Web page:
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Re: Food for thought (resurfacing)

From: Charles McCathie Nevile <chaals@yandex-team.ru>
Date: Wed, 23 Jul 2014 18:05:01 +0200
To: "Marcos Caceres" <w3c@marcosc.com>, "Marc Fawzi" <marc.fawzi@gmail.com>
Cc: "www-tag@w3.org" <www-tag@w3.org>, "Domenic Denicola" <domenic@domenicdenicola.com>
Message-ID: <op.xjgkancpy3oazb@chaals.local>
On Sat, 12 Jul 2014 16:45:38 +0200, Marc Fawzi <marc.fawzi@gmail.com>  

> Hi Marcos,
> Well, if someone with your knowledge thinks this is doable but still a  
> huge effort I'll have to drop my quest for now.

As well as the things Marcos noted, there are a number of chinese browsers  
that combine two engines - and projects that have done this beyond China.

One of the difficulties is that the pieces of a browser have pretty tight  
relationships if you want to get good performance - and the major browsers  
often want that.

> I'll keep watching the interwebs for similar thinking and efforts in  
> that direction.
> If vendors were willing to play a different kind of game, where the  
> browser acts as the OS thus allowing any other browser's JS and  
> rendering engine to run within >it, selectable by the developer, then I  
> think users, developers and vendors will all benefit. Only vendors who  
> will lose are those who lag behind in innovation.

I'm not so sure that it is a good idea even so. It assumes that a given  
browser is a relatively static target, but that actually isn't the case  
either. What happens when a browser makes a major change, e.g. to fix a  
security bug?

> The market has room for say 10 different browsers each with a major  
> share whereas right now we have 3 browsers that rule the market, all  
> from big companies, >and no room for special purpose browsers (the game  
> just doesn't scale)

I think there is room for smaller specialist browsers - and the fact that  
a lot of them exist suggests that isn't wrong. By definition they are  
unlikely to dominate, but they can certainly dominate their niche. Opera  
Mini is the example I know best, but it isn't the only one.



> I'll explain more in my next break.
> Thank you for your response.
> Marc
> On Fri, Jul 11, 2014 at 4:14 PM, Marcos Caceres <w3c@marcosc.com> wrote:
>> On July 11, 2014 at 6:54:36 PM, Domenic Denicola  
>> (domenic@domenicdenicola.com) wrote:
>>> >
>>> Hi Marc,
>>> Happy to have your thoughts, and glad you felt welcome to contribute
>>> :). That's what we're here for.
>>> The immediate issue I see is, what is the incentive for browser
>>> vendors to do this? There is none I can see. And the fact that they
>>> haven't done so implies either their business strategists have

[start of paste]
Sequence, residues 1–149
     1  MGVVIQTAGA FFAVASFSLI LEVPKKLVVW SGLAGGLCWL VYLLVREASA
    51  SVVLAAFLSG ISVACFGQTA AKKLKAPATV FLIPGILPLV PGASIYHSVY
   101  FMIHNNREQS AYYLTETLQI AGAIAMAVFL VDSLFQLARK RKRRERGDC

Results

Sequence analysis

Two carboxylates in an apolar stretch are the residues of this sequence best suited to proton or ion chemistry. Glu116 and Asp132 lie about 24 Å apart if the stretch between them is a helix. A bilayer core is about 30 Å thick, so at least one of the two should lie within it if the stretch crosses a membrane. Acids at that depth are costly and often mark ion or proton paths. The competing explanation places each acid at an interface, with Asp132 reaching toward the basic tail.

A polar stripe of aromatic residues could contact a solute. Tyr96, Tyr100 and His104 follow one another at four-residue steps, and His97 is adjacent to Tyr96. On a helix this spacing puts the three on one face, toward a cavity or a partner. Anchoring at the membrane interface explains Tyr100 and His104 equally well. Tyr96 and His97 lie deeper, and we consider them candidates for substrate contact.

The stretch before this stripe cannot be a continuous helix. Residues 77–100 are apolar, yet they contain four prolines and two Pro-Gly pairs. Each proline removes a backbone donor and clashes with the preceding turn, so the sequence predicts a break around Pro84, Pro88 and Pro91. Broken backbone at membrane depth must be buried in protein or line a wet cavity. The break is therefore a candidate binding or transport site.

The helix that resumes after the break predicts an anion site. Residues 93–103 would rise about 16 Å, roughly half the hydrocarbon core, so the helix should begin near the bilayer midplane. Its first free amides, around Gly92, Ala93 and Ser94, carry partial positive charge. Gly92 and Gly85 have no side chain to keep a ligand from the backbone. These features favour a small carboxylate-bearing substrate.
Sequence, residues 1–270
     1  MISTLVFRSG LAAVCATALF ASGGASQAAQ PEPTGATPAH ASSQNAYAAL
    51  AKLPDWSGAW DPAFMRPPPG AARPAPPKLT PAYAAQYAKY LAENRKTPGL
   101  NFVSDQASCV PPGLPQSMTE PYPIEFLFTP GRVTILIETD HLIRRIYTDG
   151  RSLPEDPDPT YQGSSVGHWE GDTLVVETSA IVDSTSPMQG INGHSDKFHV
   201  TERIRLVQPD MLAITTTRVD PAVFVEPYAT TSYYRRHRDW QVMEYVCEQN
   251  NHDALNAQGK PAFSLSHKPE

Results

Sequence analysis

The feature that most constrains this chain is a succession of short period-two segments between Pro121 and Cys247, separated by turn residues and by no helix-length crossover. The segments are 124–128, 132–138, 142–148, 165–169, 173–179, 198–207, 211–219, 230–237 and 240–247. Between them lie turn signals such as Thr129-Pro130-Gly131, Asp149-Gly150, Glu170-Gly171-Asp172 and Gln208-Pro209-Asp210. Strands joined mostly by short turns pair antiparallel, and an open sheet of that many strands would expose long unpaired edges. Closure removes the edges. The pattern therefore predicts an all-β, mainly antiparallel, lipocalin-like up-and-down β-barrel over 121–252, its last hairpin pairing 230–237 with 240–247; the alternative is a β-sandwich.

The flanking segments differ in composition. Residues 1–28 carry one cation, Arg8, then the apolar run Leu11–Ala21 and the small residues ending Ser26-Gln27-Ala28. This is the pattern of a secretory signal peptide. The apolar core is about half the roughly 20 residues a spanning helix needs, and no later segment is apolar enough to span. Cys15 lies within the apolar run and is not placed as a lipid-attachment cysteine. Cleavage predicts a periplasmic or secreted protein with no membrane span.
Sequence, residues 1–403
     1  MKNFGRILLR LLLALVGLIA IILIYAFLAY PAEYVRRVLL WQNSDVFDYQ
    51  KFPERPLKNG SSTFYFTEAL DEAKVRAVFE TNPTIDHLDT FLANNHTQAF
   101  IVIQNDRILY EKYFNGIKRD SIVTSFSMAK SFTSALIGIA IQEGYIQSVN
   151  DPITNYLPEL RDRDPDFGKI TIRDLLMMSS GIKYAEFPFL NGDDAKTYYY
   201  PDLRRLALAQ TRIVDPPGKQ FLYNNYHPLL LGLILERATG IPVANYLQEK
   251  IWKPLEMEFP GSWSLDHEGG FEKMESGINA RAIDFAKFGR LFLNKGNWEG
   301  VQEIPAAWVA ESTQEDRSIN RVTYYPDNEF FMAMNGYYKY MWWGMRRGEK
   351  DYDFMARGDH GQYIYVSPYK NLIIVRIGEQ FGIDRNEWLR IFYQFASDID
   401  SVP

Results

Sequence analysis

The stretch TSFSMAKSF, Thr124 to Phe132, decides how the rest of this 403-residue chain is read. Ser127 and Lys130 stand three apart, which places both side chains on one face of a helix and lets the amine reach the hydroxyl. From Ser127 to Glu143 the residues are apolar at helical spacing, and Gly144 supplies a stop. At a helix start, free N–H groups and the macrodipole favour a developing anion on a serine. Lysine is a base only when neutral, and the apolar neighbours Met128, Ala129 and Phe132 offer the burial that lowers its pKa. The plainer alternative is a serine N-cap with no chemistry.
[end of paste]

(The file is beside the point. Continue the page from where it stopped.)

>>> never come up with this idea, or have already decided it is not
>>> worth the cost.
>> So you are correct... but Servo does, for instance, implement WebKit's  
>> embedding API (on purpose, so it can be a drop in replacement... or at  
>> least, that's the >>dream). I assume Blink's embedding API is very  
>> similar to WebKit's (given they have the same provenance)... though  
>> I've never looked closely.
>> Remember also that Opera basically ripped out their engine and in a  
>> matter of months was again up and running with Blink inside. But yeah,  
>> there was a good >>year of pain for Opera to get their browser's  
>> features back to where they were with the Presto engine.  
>> And PhoneGap is essentially doing what Marc is kinda alluding to: it's  
>> basically like a jQuery for device APIs, in that it tries to provide a  
>> consistent base across a >>huge number of browser engines to access  
>> device APIs... with jQuery then doing much of the heavy lifting in  
>> getting a consistent DOM across all the engines.
>>> And that cost is substantial---if you have ever
>>> looked at the plumbing code between the UI layer, the rendering
>>> engine, the JavaScript engine, the add-on system, the developer
>>> tools, and all the other components of a browser, you'd find that
>>> swapping in rendering engines or JS engines is not at all an easy
>>> task.
>> Yeah, it's pretty massive.
>>> Which then transforms the question into, who is going to force
>>> browser vendors to do this, despite it being against their best
>>> interests? The W3C? They could try, but would be laughed into
>>> obsolescence. The government? Unlikely.
>>> There is lots of other interesting points to address in your thread,
>>> and I hope someone else can chime in with how browser game theory
>>> governs the market, and the tenuous hold the W3C has on influence
>>> even today. But let's start with the practicalities.
>> Yeah, I wouldn't even know where to start.
>> Marc, remember that the point of the Web (unlike other platforms) is  
>> that it's royalty free and open. If we are talking economics here: The  
>> "tax" you (Mark), as a >>developer, pay from having to deal with  
>> cross-browser introp problems is comparable to the "tax" that you would  
>> have to pay Apple (30%) to list your app in the >>apps store. However,  
>> we hope that it's less - and that the Web is giving you better value  
>> for money for a number of reasons.  
>> What you get in return from your tax contribution is that ability to  
>> publish whatever you want (freedom of speech), as often as you want (no  
>> need to go through >>an App Store review process), to a market way  
>> larger than iOS, Android, etc. put together. That's pretty awesome.
>> The cost is, like I said, that you have to deal with cross browser  
>> introp issues. But the wins for society and the ability for you, as an  
>> individual to reach this >>audience, is massive. It cannot be  
>> understated. And you get it essentially for free. That's a pretty sweet  
>> deal - this Web thing :)

Charles McCathie Nevile - web standards - CTO Office, Yandex
chaals@yandex-team.ru Find more at http://yandex.com
Received on Wednesday, 23 July 2014 16:05:35 UTC

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